‘Trade and other payables’ must be presented separately in the balance sheet from ‘other financial liabilities’ because they are sufficiently different in nature or function to warrant separate presentation. IAS 1 Presentation of Financial Statements, paragraph 55 also requires entities to present additional line items in the balance sheet when such presentation is relevant to a user’s understanding of the entity’s financial position.
Depending on the facts and circumstances of each reverse factoring arrangement, entities need to decide whether they have a ‘trade and other payable’, an ‘other financial liability’ or a separate reverse factoring liability on their balance sheet.
What are trade payables?
“…trade payables are liabilities to pay for goods or services that have been received or supplied and have been invoiced or formally agreed with the supplier…”
IAS 37, paragraph 11(a)
IAS 1, paragraph 70 also notes that some current liabilities, such as trade payables and some accruals for employee and other operating costs, are part of the working capital used in the entity’s normal operating cycle.
A customer’s outstanding reverse factoring liability to the bank/financier can therefore only be presented as a ‘trade payable’ if it:
- Represents a liability to pay for goods and services
- Is invoiced and formally agreed with the supplier, and
- Is part of the working capital used in its normal operating cycle.
In other words, the reverse factoring liability should only be classified as part of ‘trade and other payables’ if the liability has a similar nature and function to trade payables, e.g., if:
- It is part of the working capital used in the entity’s normal operating cycle
- The terms are similar to those of other trade payables (no interest or similar interest rates), and
- Similar to other trade payables, the debt is unsecured.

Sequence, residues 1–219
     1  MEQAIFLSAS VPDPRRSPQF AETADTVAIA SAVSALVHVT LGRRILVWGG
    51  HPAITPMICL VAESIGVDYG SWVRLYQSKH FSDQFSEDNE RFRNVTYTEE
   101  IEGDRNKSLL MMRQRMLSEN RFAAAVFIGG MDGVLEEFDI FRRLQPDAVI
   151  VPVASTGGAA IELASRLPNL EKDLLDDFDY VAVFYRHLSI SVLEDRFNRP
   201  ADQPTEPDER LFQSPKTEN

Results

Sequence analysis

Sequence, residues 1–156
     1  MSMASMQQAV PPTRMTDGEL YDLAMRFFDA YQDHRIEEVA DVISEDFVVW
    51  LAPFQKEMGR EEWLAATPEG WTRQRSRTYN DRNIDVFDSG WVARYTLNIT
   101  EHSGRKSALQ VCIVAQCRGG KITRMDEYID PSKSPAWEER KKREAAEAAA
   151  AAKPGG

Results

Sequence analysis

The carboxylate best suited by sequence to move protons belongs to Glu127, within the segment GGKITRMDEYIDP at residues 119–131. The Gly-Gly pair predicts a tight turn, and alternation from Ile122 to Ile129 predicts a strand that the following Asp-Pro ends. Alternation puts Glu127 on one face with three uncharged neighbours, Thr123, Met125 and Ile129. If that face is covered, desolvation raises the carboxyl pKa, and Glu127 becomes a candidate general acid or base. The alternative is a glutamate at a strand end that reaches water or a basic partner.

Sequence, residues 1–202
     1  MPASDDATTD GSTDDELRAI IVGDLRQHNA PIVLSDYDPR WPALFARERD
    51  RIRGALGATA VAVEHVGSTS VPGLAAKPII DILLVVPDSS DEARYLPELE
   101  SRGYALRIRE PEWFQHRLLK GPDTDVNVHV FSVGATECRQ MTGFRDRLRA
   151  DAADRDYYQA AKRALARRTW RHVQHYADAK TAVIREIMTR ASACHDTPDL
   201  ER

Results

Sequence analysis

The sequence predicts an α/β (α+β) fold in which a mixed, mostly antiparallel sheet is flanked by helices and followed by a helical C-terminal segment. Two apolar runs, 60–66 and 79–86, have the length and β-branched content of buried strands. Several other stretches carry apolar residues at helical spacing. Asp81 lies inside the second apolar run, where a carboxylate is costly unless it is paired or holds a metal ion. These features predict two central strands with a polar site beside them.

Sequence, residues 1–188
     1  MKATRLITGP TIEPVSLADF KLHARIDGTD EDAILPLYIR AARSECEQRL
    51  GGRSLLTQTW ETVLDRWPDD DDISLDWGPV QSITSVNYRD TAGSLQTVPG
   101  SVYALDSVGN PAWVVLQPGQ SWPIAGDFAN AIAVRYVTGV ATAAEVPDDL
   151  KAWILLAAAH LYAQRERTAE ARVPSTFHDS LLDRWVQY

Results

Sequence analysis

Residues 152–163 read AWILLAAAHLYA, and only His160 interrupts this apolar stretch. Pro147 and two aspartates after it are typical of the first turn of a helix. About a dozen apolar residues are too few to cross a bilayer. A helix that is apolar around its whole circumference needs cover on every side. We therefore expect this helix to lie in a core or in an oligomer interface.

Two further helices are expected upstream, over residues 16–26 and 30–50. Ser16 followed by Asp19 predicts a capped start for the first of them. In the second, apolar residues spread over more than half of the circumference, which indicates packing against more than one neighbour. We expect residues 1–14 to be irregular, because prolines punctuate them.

Classification as other financial liabilities (borrowings)
If the reverse factoring liability is not considered a trade and other payable because it is not similar in nature and function, it is presented in the balance sheet as an ‘other’ financial liability (borrowings). The following factors could indicate that the liability is a borrowing rather than a trade payable.
- If the repayment period of the reverse factoring liability is significantly longer than the normal working capital cycle.
- If interest is charged by the bank/financier, although this may not always be the case if the supplier would have imposed a similar interest charge for extended payment terms.
- If security is provided to the bank/financier (trade payables are usually unsecured).
Note, however, that the above list is non-exhaustive and other facts and circumstances may be relevant to whether a reverse factoring arrangement gives rise to a financial liability rather than a trade payable.
Once the customer has determined whether the reverse factoring liability is to be classified as ‘trade and other payables’ or as borrowings, they need to determine whether further disaggregation is required. If reverse factoring liabilities comprise a material portion of these line items, the customer may determine that the reverse factoring portion be shown as a separate line item in the balance, or otherwise in the notes.
Derecognition of a financial liability
The agenda decision notes that a financial liability is only derecognised and removed from the statement of financial position when it is extinguished, i.e. it is discharged, cancelled, or expires (refer IFRS 9 Financial Instruments, paragraph 3.3.1).
It is worth pointing out that derecognition does not automatically mean that the original trade payable becomes a borrowing. The agenda decision
requires that the ‘new liability’ be presented in the balance sheet in accordance with the presentation requirements in IAS 1 (as discussed above).
If the liability to the supplier is extinguished when the bank/financier pays the supplier, some may argue that the reverse factoring liability owing to the bank/financier should be classified as a borrowing because it no longer represents a liability to pay for goods and services. However, the agenda decision specifically requires classification as a trade payable or borrowing according to the principles outlined above. Accordingly, the identity of the entity to which the consideration is ultimately paid is not determinative for the classification of the liability.